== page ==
16. 16.
    Buhle JT, Kober H, Ochsner KN, Mende-Siedlecki P, Weber J, Hughes BL, Kross E, Atlas LY, McRae K, Wager TD (2013) Common representation of pain and negative emotion in the midbrain periaqueductal gray. Soc Cogn Affect Neurosci 8:609–616PubMedCrossRefGoogle Scholar
  17. 17.
    Bushnell MC, Ceko M, Low LA (2013) Cognitive and emotional control of pain and its disruption in chronic pain. Nat Rev Neurosci 14:5012–5011CrossRefGoogle Scholar
  18. 18.
    Butler RK, Finn PD (2009) Stress-induced analgesia. Prog Neurobiol 88:184–202PubMedCrossRefGoogle Scholar
  19. 19.
    Cairns BE (2010) Pathophysiology of TMD pain – basic mechanisms and their implications for pharmacotherapy. J Oral Rehabil 37(6):391–410PubMedCrossRefGoogle Scholar
  20. 20.
    Ciechanowski P, Sullivan M, Jensen M, Romano J, Summers H (2003) The relationship of attachment style to depression, catastrophizing and health care utilization in patients with chronic pain. Pain 104:627–637PubMedCrossRefGoogle Scholar
  21. 21.
    Cierpka M (2015) Psychosoziale Prävention – ein Mehrebenenansatz. In: Egle UT, Joraschky P, Lampe A, Seiffge-Krenke I, Cierpka M (Hrsg) Sexueller Missbrauch, Misshandlung, Vernachlässigung. Erkennung, Therapie und Prävention der Folgen früher Stresserfahrungen. Schattauer, Stuttgart, S 677–696Google Scholar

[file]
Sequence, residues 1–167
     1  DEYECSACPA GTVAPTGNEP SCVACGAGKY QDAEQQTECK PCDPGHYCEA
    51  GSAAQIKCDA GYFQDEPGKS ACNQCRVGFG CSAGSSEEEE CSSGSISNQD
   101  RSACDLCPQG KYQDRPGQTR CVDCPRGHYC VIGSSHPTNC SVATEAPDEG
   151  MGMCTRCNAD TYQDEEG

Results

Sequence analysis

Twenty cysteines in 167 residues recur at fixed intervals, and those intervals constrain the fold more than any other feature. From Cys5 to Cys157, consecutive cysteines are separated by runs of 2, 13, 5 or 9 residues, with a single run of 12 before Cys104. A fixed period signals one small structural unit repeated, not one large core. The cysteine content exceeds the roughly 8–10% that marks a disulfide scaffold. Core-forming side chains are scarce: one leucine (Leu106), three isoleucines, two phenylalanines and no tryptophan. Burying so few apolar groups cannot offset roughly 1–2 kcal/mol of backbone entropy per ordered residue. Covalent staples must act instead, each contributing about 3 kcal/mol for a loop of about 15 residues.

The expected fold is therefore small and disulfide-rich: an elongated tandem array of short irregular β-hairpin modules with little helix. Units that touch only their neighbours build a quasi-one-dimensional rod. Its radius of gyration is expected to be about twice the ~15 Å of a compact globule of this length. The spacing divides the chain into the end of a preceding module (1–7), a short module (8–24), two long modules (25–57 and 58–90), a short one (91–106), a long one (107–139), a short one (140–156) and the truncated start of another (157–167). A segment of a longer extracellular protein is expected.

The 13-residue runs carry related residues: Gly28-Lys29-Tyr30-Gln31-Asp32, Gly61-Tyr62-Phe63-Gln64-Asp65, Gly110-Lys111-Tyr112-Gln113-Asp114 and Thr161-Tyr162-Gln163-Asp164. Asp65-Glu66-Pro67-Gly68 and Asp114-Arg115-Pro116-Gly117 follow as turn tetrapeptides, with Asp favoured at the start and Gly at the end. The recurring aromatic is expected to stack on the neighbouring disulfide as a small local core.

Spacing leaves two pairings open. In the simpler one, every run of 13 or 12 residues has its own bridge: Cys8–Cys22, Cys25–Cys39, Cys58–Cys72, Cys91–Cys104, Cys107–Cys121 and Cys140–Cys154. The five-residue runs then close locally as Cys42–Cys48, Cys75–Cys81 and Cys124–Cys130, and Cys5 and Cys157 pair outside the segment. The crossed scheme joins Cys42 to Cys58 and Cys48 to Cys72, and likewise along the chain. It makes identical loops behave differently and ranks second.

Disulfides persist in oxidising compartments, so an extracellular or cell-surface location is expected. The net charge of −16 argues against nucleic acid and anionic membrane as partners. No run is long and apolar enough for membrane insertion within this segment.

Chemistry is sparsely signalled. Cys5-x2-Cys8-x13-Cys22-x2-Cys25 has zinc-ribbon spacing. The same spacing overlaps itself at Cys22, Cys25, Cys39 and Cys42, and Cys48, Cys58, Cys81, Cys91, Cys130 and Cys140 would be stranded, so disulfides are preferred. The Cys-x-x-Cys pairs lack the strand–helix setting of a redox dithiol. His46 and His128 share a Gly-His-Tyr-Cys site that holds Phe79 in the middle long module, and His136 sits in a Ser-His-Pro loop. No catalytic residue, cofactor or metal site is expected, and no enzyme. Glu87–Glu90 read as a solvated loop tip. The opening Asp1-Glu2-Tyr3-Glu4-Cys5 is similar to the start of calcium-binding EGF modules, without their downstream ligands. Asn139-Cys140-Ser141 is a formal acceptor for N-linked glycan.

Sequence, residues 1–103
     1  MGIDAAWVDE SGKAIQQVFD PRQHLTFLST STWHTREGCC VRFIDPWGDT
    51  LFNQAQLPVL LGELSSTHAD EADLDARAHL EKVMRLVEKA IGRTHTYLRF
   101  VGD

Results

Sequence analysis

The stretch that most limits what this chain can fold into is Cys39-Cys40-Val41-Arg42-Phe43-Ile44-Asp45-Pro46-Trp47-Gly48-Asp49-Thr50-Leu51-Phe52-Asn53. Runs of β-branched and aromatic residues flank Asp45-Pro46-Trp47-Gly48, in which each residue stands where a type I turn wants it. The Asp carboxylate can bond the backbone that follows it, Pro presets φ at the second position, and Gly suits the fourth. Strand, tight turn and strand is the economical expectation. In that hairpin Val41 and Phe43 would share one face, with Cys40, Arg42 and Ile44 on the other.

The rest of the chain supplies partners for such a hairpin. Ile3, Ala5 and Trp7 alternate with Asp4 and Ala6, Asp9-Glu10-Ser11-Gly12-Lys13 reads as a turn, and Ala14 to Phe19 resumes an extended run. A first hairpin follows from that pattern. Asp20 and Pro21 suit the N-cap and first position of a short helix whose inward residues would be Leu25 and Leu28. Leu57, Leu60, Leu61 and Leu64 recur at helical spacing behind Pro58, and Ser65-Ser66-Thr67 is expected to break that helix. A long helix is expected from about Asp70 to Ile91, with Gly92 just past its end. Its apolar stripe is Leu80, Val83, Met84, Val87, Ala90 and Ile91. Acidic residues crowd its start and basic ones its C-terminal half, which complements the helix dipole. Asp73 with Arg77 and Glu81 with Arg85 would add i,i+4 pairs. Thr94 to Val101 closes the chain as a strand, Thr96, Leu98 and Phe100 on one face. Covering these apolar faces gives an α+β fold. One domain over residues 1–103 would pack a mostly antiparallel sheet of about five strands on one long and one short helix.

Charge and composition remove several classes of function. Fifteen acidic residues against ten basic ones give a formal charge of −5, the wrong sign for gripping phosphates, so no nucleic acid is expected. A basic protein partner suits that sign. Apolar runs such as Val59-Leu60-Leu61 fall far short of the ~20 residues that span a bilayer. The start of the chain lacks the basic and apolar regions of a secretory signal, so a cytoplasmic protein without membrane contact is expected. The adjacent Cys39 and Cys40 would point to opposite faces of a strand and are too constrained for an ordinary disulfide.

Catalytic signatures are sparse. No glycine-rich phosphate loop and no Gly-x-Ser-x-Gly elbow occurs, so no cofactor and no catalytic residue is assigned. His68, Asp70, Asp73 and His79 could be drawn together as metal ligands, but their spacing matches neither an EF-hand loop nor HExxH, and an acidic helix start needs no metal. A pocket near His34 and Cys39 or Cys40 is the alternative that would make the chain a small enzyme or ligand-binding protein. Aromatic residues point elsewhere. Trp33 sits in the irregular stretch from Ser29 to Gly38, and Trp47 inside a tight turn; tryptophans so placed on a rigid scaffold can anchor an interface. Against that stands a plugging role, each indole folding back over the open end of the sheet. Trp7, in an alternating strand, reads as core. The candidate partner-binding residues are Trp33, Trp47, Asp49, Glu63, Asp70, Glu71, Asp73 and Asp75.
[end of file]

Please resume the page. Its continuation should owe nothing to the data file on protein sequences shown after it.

22. 22.
    Crettaz B, Marziniak M, Willeke P, Young P, Hellhammer D, Stumpf A, Burgmer M (2013) Stress-induced allodynia – evidence of increased pain sensitivity in healthy humans andpatients with chronic pain after experimentally induced psychosocial stress. PLOS ONE 8(8):e69460PubMedPubMedCentralCrossRefGoogle Scholar
  23. 23.
    Cuthbert BN, Insel TR (2013) Toward the future of psychiatric diagnosis: the seven pillars of RDoC. BMC Med 14(11):126CrossRefGoogle Scholar
  24. 24.
    Davis DA, Luecken LJ, Zautra AJ (2005) Are reports of childhood abuse related to the experience of chronic pain in adulthood? A meta-analytic review of the literature. Clin J Pain 21:398–405PubMedCrossRefGoogle Scholar
  25. 25.
    Dedovic K, Duchesne A, Andrews J, Engert V, Pruessner JC (2009) The brain and the stress axis: the neural correlates of cortisol regulation in response to stress. Neuroimage 47:864–871PubMedCrossRefGoogle Scholar
  26. 26.
    Derbyshire SW, Whalley MG, Stenger VA, Oakley DA (2004) Cerebral activation during hypnotically induced and imagined pain. Neuroimage 23:392–401PubMedCrossRefGoogle Scholar
  27. 27.
    Eatough EM, Waya JD, Chang C‑H (2012) Understanding the link between psychosocial work stressors and work-related musculoskeletal complaints. Appl Ergon 43:554–563PubMedCrossRefGoogle Scholar
  28. 28.
    Eccleston C, Williams AC, Morley S (2009) Psychological therapies for the management of chronic pain (excluding headache) in adults (Review). Cochrane Database Syst Rev 2:CD007407 doi:10.1002/14651858Google Scholar
  29. 29.
    Egle UT (2015) Gesundheitliche Langzeitfolgen psychisch traumatisierender und emotional deprivierender Entwicklungsbedingungen in Kindheit und Jugend. In: Egle UT, Joraschky P, Lampe A, Seiffge-Krenke I, Cierpka M (Hrsg) Sexueller Missbrauch, Misshandlung, Vernachlässigung. Erkennung, Therapie und Prävention der Folgen früher Stresserfahrungen. Schattauer, Stuttgart, S 24–39Google Scholar